Human Interest

Spain TV star says child born to surrogacy in US is late son’s daughter

Madrid, Apr 5 (EFE).- A Spanish actress whose decision to adopt a baby using a surrogate mother in the United States stirred a political and public debate has confirmed that the child is the biological daughter of her late son.

Ana Obregón, 68, told this week’s edition of the celebrity news magazine ¡Hola! that one of the wishes of her son Alejandro ‘Aless’ Lequio, who died of cancer in 2020, was to bring a child of his “into the world.”

“This child is not my daughter, but rather my granddaughter,” Obregón, who starred in TV shows and movies in the 1980s and 90s, told ¡Hola! in an exclusive interview in Miami just over two weeks after she was photographed by the magazine emerging from the city’s Memorial Regional Hospital in a wheelchair while cradling the newborn, who has since been named Ana Sandra Lequio Obregón.

“She is the daughter of Aless and when she grows up I will tell her how her father was a hero, so she knows who he is and how proud she should be of him.

“The decision to begin the process of a surrogate pregnancy, which involves, as you know, the participation of an egg donor and a surrogate, started the day my son went to heaven,” she added.

“When they diagnosed my son with cancer and he was about to start chemotherapy, the doctors recommended we save some of his sperm, in case the medication affected it in the future,” the Spanish celebrity said.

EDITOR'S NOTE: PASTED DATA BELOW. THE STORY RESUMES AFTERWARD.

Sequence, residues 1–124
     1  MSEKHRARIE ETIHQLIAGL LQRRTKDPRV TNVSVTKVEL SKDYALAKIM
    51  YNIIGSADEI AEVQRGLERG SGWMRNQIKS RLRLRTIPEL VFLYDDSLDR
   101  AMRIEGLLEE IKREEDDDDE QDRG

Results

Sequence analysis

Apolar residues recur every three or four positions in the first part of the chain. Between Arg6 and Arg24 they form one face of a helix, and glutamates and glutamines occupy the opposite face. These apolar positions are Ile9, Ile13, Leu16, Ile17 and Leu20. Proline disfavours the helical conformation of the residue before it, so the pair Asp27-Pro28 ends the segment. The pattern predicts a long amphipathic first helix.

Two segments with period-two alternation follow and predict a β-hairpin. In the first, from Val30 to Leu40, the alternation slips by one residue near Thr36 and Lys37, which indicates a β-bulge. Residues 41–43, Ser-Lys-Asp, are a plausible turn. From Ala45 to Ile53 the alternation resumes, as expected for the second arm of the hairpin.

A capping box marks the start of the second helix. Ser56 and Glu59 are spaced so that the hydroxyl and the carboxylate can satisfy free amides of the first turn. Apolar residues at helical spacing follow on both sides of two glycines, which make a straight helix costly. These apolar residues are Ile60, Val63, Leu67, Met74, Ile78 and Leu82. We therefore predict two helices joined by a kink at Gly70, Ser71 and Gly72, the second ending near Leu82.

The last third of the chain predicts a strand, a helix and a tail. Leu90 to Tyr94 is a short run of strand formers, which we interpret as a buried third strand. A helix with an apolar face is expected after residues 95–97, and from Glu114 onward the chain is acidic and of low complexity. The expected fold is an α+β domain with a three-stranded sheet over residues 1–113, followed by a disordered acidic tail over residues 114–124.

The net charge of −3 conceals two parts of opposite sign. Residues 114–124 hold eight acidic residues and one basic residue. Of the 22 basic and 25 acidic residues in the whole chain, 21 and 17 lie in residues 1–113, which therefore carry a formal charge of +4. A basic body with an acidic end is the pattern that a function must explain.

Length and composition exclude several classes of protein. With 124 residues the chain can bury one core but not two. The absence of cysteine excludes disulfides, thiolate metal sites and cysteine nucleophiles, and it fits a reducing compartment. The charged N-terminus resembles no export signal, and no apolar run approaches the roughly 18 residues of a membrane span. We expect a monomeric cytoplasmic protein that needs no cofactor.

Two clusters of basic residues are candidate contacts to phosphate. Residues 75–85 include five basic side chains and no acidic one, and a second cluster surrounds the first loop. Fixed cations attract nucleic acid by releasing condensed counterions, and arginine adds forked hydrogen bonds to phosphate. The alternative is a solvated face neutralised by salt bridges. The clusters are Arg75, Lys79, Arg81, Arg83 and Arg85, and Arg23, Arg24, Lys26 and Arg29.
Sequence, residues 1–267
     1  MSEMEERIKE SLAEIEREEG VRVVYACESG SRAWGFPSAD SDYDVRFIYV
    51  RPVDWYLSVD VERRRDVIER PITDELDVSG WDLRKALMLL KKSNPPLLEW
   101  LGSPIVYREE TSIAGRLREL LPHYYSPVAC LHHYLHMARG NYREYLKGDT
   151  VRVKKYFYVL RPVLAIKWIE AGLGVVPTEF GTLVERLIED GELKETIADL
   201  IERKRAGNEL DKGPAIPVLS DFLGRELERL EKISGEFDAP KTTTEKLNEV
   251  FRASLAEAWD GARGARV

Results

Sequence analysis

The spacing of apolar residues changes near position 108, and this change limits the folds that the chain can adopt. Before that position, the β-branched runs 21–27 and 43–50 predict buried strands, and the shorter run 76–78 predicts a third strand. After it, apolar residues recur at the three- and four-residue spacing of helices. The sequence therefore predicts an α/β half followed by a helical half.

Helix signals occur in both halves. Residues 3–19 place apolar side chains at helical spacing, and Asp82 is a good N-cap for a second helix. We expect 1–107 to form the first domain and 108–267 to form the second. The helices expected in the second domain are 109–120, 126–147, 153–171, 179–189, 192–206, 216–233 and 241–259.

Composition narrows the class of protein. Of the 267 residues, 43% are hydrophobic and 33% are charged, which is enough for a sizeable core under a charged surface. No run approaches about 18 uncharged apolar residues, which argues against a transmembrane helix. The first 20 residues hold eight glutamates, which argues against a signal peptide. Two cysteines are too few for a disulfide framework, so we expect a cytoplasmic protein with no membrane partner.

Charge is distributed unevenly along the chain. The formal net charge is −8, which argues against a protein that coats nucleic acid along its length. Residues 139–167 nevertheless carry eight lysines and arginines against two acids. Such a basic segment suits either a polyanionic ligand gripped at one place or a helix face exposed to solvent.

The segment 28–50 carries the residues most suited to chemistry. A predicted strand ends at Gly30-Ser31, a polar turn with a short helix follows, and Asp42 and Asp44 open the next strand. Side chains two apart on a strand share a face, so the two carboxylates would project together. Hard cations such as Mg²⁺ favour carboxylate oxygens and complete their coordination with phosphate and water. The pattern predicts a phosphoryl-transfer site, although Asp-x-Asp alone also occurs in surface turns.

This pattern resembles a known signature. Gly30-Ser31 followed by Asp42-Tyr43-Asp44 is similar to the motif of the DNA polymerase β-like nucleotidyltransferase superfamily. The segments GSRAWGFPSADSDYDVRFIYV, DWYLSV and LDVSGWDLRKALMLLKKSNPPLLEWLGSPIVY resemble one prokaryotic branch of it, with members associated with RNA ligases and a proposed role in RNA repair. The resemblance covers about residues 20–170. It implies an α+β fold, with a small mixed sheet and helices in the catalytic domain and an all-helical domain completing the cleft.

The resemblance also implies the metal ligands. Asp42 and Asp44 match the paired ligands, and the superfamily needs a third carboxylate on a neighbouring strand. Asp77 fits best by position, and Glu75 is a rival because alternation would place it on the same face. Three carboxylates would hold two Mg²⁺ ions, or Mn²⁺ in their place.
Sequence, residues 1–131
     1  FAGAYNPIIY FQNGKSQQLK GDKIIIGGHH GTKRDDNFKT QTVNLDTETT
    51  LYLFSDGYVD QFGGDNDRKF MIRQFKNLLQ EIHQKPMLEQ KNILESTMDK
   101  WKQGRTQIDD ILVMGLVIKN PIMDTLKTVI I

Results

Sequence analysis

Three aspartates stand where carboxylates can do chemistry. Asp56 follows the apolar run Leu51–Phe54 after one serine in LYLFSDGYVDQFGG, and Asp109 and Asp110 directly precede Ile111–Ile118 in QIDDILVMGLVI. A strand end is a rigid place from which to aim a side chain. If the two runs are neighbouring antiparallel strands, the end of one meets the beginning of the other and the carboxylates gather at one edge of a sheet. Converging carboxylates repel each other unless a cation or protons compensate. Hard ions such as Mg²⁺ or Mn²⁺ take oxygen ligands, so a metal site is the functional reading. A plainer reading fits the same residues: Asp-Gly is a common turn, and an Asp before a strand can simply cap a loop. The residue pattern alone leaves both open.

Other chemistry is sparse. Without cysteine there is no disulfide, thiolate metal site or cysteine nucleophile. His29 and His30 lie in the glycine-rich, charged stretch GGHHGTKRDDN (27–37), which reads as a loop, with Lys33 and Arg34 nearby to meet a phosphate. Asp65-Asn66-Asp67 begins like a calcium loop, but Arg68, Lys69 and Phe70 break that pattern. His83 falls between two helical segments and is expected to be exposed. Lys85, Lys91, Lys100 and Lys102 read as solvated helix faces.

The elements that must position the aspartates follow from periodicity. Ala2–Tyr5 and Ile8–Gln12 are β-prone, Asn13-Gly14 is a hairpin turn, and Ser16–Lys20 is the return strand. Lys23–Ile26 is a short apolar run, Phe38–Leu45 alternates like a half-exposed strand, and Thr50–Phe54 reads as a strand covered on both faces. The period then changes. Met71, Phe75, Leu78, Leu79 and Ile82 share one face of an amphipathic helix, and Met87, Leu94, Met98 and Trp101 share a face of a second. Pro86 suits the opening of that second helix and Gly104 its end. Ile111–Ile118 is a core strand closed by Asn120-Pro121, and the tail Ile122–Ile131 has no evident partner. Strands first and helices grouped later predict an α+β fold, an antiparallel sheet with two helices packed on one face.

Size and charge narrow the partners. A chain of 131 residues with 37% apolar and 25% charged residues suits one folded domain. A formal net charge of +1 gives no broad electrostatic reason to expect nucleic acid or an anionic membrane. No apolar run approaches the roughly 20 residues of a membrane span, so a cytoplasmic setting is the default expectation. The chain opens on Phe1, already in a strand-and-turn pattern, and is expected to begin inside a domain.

“These samples were preserved in New York. That day in the hospital, Aless was already very ill and he told us that if something should happen to him, that we should know that he wanted to leave descendants, even if he was no longer here.

“From that moment, the only thing that has kept me going each day, each second, is to accomplish this mission to bring a child of Aless into the world,” Obregón told ¡Hola!.

Obregón’s case has stirred a widespread debate in Spain, where the practice of surrogate pregnancy is illegal unlike in some parts of the United States.

“There is a clear discrimination bias due to poverty,” Irene Montero, Spain’s equality minister and a member of the left-wing Unidas Podemos party, said in March in reference to paid surrogacies.

Socialist Party education minister Pilar Alegría said the practice “exploited” women and was damaging to the interests of children.

The centrist Ciudadnos party, which has waning clout in Spain, called for a debate on legalizing so-called altruistic surrogacies, where no money is exchanged. EFE


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